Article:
Author: Forest Pike
Dead reckoning is a method of navigation that involves calculating one’s current position based on a previously determined position, or “fix,” and advancing that position based on known or estimated speeds over elapsed time and course. In the wilderness, dead reckoning can be used as a backup to navigate without the aid of an electronic device should your primary navigational measure (e.g., smartphone app or GPS) become lost or damaged or its battery depleted. Here is an explanation of how to navigate using dead reckoning in the wilderness:
- Determine Your Starting Point: Before you begin, you will need to determine your starting point. This can be done using a map and compass or by taking a bearing on a prominent landmark or terrain feature. Not all landscapes offer easily defined landmarks, so choose wisely as their identifying features can change with perspective as you navigate forward along your pre-planned course. Make sure to record coordinates of your starting point, or “plot” your position, as well as the time you began your journey.
- Estimate Your Speed and Direction of Travel: In order to use dead reckoning, you will need to estimate your speed and direction of travel. This can be done by measuring the distance you have traveled with a pace counter or by measuring the time it takes you to cover a known distance. Your preseason training efforts offer a prime opportunity to identify your average speed of travel with “full kit,” which could prove useful when scouting and hunting seasons approach. Use of a compass is most ideal in determining your direction of travel and ensuring it remains accurate as you progress onward.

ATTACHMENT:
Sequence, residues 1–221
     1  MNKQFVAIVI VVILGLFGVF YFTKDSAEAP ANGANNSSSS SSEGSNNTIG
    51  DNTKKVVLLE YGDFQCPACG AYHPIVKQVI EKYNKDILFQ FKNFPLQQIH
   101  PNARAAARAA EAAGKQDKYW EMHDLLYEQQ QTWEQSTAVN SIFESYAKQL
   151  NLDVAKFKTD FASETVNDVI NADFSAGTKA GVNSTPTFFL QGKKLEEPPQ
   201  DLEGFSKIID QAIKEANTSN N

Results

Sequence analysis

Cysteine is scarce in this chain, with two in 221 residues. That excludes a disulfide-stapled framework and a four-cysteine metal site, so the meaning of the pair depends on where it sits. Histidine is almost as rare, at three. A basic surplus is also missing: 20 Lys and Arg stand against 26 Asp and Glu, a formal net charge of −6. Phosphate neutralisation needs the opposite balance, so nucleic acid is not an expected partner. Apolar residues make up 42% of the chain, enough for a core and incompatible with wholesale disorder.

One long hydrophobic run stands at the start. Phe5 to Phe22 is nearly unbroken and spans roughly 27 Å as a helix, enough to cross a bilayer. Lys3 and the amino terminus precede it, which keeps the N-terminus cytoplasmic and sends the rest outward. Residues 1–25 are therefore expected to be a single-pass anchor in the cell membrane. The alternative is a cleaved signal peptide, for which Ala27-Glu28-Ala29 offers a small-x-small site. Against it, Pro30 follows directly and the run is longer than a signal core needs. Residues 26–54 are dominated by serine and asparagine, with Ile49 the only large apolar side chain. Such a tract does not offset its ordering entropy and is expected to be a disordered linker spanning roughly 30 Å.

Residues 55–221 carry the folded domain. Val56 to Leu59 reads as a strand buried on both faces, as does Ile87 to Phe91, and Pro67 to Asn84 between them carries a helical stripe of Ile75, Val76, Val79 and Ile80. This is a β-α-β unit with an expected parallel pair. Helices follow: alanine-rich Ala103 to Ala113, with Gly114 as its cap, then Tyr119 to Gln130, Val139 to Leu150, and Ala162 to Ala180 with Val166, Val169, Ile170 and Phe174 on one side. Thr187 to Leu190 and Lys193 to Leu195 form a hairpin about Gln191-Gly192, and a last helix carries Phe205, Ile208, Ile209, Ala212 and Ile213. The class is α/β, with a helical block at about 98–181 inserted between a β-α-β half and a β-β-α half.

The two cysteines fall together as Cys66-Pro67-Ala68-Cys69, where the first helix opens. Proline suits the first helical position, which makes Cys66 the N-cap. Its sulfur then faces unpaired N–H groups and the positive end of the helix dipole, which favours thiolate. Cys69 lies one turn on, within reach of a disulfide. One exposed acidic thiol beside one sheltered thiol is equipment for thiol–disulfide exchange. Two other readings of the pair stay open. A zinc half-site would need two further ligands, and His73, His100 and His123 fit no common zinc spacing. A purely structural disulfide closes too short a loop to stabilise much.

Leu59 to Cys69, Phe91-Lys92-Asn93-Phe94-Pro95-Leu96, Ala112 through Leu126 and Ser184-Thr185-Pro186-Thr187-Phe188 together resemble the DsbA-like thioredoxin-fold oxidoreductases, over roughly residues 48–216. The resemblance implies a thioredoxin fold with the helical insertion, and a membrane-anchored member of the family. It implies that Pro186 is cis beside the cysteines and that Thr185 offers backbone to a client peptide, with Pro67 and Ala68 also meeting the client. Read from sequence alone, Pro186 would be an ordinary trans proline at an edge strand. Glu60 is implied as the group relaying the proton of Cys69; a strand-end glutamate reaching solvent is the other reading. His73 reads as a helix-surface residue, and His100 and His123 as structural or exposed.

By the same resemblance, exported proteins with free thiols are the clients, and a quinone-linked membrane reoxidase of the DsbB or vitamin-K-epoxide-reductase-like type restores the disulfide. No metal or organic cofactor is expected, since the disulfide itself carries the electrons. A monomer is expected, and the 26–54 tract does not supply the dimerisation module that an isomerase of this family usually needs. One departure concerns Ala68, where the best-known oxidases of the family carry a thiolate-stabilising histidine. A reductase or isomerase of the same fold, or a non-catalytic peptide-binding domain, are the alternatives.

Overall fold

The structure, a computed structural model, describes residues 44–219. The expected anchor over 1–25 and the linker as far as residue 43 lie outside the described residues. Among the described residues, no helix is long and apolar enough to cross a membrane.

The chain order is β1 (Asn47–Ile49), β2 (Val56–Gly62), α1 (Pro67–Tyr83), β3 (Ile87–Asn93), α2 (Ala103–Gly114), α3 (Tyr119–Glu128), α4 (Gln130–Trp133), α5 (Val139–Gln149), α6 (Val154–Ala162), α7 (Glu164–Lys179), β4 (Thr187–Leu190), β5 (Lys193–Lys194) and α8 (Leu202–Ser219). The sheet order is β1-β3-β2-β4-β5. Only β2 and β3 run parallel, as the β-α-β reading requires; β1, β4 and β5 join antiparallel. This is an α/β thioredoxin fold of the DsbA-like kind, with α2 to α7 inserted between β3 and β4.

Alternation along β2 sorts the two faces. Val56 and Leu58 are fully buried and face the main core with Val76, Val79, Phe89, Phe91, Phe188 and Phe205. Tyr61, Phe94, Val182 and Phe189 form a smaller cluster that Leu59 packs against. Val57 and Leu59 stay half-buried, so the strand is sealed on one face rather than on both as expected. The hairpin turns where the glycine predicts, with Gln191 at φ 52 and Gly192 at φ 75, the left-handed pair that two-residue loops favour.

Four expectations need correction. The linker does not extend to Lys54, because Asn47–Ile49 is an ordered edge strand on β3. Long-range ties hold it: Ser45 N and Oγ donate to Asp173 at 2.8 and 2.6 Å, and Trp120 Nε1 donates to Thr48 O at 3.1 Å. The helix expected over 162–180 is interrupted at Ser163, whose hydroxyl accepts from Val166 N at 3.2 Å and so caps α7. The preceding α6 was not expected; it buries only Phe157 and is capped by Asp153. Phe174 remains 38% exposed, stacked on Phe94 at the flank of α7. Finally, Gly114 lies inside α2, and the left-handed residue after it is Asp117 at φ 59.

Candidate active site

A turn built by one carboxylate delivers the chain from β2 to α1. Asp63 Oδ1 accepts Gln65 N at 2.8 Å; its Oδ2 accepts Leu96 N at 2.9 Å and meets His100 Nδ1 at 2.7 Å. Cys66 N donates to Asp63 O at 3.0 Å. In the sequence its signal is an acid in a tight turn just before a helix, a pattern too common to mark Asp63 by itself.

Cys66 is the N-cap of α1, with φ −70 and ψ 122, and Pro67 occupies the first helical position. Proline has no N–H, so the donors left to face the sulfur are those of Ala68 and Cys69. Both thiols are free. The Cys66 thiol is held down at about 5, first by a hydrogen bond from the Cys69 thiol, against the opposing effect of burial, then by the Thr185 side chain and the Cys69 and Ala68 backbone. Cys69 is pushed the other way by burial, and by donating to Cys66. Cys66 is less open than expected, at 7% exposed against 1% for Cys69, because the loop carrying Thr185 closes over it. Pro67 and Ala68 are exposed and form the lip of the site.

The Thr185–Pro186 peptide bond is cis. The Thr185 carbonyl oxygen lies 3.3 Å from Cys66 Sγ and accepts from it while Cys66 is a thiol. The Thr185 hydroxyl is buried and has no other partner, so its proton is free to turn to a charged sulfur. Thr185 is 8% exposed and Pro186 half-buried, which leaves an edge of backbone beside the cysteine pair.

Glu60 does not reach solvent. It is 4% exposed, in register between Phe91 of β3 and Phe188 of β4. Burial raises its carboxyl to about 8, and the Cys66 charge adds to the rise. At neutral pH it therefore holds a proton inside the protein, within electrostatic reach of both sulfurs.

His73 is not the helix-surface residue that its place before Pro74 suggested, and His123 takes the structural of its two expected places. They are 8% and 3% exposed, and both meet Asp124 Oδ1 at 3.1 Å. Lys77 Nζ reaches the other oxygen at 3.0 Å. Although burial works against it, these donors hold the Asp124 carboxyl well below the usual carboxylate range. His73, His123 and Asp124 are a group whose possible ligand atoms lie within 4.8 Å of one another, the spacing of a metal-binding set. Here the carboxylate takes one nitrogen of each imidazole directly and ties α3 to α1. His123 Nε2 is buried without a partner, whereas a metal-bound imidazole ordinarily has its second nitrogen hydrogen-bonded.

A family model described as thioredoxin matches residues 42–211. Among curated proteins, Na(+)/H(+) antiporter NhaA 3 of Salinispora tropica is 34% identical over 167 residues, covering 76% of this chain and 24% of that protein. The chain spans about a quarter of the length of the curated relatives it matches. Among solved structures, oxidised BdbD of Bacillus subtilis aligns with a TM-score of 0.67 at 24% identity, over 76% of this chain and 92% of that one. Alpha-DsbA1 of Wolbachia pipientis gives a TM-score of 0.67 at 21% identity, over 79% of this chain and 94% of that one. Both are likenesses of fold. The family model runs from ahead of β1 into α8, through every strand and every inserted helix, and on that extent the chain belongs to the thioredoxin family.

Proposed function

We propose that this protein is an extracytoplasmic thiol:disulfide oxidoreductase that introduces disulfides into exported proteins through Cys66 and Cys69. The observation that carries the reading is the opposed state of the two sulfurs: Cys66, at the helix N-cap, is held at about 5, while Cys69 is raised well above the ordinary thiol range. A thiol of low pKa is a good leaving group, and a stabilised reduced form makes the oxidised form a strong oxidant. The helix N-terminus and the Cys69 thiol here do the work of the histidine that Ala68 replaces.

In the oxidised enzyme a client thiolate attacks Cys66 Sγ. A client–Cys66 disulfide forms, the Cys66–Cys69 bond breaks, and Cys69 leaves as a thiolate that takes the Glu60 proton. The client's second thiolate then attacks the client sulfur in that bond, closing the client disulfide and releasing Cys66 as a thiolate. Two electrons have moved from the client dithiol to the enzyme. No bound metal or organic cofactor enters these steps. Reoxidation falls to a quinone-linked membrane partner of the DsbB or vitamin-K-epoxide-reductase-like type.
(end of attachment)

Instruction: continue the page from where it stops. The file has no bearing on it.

- Keep Track of Time: Dead reckoning relies on the passage of time to calculate your current position. Make sure you keep track of the time you have been traveling, either by using a watch or by marking the position of the sun. The rule of “two is one, and one is none” remains true here as having a simple watch in addition to your smartphone or GPS could greatly enhance your navigational abilities should those electronic devices become inoperable.
- Update Your Position: As you travel, you will need to update your position based on your estimated speed and direction of travel. This can be done by plotting your position on a map using a ruler and compass or by referencing progressive landmarks along your way with periodic discipline.
- Check Your Position Against Landmarks: As you travel, keep an eye out for landmarks that you can use to check your position. These can include mountains, rivers, or other natural terrain features. Compare your calculated position to the location of these landmarks to ensure you are on course. Use these opportunities along with the known passage of time to further refine your dead reckoning calculations, and therefore, accuracy.
- Make Adjustments as Necessary: If you find that your calculated position is not in line with the landmarks you are seeing, you will need to make adjustments to your course or your estimated speed.
- Check Your Position Regularly: Dead reckoning is a method of navigation that can be prone to errors, so it is important to check your position regularly. Make sure to update your position at least once every hour, and more frequently if you are in an area with poor visibility or if you are unsure of your course.
- Plan Ahead: While dead reckoning is a useful method of navigation, it should not be used in isolation. Make sure to also have a map and compass, wear a watch as a secondary, and familiarize yourself by means of map study well prior to a backcountry outing.
- Practice: Dead reckoning takes practice to master, so make sure to practice using the method before embarking on a backcountry trip. Try using dead reckoning to navigate shorter trips or in familiar terrain before attempting to use it in more challenging environments.
- Safety: Always make sure to have a well- built plan in place before embarking on a backcountry adventure. Aspects such as ensuring you have adequate gear, adequate human skills, paying attention to weather and other hazards, and informing someone of your plans and expected return time may seem like no big deal, but they certainly are!
Dead reckoning is an essential tool for wilderness navigation should your primary means of navigation fail, but it’s important to remember that it should be used in conjunction with other navigational tools. Always practice and take the necessary safety precautions when navigating in the wilderness.